The key is to demonstrate how additional resources will benefit profit. If you know you need to do a shutdown and want to bring in a specialist to reduce downtime, you would articulate the plan to the general manager like this: “The plan is for this machine to be down for three weeks. This is a critical machine in the business. Every hour lost with that machine is lost product and lost tonnes. I want to reduce this downtime from three weeks to two, but I need to spend $150,000 on a specialist project manager to help me do that. The payback will be in the millions.”
When you provide a clear business case like that, the general manager will likely grant your requests, especially if you have a track record of delivering promised results.
Problem #2: Supervisors are expected to make all decisions
Increasingly, people in the business think the supervisor needs to make all of the decisions. This leads to the mentality that when anything goes wrong, it’s the supervisor’s fault. As a supervisor, if the twenty or thirty people on your team come to you all day to solve their problems, you’d never get your own work done.
Mine leadership must empower tradies to make their own decisions and take responsibility for their actions. In this scenario, the supervisor becomes the coach of the team while the other team members self-reliantly do their work. Good supervisors do not try to do everything for the team. Instead, they create high-functioning teams.
When I was a supervisor, I learned to entrust people. For example, one guy came to me every day to sign a piece of paper allowing the guy to get consumables from the warehouse. One day I taught him how to request things from the warehouse himself.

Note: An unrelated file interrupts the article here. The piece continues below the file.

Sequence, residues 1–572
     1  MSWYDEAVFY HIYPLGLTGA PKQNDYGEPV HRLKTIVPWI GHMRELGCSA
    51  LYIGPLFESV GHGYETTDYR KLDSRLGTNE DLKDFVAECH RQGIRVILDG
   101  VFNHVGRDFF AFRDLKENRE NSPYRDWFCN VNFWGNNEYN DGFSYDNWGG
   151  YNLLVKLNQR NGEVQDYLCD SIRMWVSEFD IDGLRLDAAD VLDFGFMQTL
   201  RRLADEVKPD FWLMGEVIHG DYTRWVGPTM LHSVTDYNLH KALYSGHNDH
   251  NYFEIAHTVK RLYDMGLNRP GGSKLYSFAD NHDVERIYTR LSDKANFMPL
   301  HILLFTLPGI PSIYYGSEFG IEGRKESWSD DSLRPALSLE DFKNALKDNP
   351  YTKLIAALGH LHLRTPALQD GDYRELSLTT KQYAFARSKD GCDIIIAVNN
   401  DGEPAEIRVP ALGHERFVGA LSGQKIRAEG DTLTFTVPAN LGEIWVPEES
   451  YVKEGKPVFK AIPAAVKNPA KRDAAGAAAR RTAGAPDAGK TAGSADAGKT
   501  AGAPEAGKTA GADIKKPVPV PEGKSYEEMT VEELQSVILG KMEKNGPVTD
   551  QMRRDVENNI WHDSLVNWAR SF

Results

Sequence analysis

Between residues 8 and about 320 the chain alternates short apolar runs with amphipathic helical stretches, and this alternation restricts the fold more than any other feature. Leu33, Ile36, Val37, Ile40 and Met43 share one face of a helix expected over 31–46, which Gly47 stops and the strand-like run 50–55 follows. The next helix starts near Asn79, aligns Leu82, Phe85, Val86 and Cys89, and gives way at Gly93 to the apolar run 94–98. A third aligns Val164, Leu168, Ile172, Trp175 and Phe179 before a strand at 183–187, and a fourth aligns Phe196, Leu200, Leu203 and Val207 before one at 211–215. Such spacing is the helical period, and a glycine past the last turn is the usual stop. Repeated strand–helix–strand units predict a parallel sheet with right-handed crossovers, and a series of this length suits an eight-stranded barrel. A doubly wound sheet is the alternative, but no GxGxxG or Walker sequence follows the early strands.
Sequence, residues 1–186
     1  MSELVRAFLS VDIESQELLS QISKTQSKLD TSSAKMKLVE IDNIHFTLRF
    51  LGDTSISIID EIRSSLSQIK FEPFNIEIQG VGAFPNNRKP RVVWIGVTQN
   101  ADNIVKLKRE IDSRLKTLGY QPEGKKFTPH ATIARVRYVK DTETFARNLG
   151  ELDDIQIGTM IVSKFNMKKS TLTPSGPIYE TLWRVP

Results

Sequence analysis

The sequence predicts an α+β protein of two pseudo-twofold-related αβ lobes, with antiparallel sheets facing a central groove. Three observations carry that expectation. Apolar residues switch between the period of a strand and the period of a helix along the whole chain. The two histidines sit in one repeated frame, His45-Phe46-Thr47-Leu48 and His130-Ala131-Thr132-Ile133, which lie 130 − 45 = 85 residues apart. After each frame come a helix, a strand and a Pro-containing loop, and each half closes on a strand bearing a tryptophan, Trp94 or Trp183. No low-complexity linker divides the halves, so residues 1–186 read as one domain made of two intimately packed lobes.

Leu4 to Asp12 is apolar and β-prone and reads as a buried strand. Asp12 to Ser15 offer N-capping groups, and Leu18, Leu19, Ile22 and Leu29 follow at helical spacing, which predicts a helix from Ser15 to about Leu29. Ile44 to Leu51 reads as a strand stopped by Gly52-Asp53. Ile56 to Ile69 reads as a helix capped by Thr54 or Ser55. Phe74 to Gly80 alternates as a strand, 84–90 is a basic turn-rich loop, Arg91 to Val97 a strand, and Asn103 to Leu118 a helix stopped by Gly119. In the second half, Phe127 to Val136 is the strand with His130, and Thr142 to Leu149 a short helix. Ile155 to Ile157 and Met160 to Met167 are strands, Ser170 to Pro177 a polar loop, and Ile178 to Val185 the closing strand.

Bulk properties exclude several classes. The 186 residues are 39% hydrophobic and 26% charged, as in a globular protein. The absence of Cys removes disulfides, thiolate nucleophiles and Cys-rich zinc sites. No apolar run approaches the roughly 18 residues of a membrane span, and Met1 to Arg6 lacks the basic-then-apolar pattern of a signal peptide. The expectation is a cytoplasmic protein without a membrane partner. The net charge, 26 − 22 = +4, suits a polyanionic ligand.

He became happier because he could now function in his job without being held up by me, and I got more time to focus on more important things.
Another example involved the machine operators, who called me every time they had a breakdown. It took a while, but I got them to start directly calling the tradespeople who would respond and fix the machine instead of calling me to call the tradies. This empowered the operators as well as the tradespeople, who now made more decisions for themselves. I often see work-management processes dictate that the supervisor makes all of the decisions rather than the tradies who know more about the problem.
Solution #2: Supervisors must coach and empower
A supervisor cannot and should not be watching the workforce all day. It is essential to have empowered tradespeople to make decisions. To achieve that environment, the supervisor must coach and empower the tradespeople. If you are a supervisor, every time a tradesperson comes to you with a problem, ask yourself, “Is this a decision I need to be making? How can I empower this guy to address the problem rather than going through me?” These questions generate solutions and improvements.